I realized recently that you can do something really cool with good students after they learn the standard forms for conic sections: you can compute the compactifications of their moduli spaces. I gave an undergraduate talk based on this, and I think it went really well. You have to wave your hands a bit and you might not want to use the word compactification. It is pretty obvious how to draw the uncompactified spaces of conic sections centered at the origins, but something really cool happens when you approach the boundary. I think this could be stretched out a bit longer than an hour and you could probably do several nice lectures on it, one for each different moduli space.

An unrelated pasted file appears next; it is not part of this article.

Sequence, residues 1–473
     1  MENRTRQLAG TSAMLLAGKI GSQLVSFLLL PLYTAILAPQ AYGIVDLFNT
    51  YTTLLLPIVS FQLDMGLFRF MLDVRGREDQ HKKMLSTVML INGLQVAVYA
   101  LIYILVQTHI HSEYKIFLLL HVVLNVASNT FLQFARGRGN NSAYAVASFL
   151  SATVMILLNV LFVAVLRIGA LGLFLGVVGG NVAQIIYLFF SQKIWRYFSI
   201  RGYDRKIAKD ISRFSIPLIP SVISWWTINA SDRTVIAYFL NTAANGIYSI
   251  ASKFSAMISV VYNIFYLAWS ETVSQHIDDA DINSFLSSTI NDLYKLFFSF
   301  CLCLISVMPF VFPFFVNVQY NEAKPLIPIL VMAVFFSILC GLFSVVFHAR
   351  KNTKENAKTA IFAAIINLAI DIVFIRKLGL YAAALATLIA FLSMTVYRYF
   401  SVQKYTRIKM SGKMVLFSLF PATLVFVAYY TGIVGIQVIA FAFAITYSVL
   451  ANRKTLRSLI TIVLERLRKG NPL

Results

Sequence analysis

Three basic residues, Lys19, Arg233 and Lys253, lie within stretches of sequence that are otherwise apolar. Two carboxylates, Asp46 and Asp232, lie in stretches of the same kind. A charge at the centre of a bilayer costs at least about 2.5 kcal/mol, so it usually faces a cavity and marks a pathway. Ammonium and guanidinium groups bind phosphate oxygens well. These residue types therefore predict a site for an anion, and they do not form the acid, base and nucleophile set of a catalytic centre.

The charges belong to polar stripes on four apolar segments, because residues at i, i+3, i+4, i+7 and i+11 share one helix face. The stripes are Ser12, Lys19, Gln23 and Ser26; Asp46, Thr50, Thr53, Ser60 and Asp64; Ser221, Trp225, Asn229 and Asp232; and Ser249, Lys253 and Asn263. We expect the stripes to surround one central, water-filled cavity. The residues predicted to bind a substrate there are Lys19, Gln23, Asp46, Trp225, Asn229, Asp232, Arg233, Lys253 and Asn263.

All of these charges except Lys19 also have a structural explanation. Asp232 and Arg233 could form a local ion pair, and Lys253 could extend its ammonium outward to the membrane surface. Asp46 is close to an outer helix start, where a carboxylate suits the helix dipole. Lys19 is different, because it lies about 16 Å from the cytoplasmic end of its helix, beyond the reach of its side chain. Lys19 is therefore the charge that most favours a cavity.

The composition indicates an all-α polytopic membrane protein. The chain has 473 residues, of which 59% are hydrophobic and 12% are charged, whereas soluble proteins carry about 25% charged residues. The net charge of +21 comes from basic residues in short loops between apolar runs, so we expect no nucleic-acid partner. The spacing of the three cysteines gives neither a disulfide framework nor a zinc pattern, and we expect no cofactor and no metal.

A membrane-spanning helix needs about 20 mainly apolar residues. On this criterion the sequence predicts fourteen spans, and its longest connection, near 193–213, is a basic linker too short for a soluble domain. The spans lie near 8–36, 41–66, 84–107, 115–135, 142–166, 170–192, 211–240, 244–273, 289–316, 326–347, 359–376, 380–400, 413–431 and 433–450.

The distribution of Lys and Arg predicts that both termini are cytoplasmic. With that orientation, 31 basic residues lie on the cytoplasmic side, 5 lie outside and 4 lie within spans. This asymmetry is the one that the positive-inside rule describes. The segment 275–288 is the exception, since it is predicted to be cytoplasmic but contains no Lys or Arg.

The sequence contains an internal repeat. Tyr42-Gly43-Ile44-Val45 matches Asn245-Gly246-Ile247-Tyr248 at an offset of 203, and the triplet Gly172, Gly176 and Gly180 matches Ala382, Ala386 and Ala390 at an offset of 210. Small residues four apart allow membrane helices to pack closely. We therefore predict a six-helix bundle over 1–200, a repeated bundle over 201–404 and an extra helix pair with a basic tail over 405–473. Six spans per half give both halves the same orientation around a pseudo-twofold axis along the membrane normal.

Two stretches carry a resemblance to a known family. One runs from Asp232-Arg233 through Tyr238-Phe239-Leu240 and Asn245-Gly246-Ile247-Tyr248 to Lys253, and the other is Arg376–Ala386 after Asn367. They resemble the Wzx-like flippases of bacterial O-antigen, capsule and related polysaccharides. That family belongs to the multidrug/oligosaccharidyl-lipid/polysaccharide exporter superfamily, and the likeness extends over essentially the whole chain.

Let me know if you come up with any new low level examples for the moduli spaces. Mine were: -Triangles in the plane, -circles centered at the origin, -circles in the plane, -ellipses centered at the origin, -hyperbolas centered at the origin.
You could also look at how the discriminant is a function on the moduli space.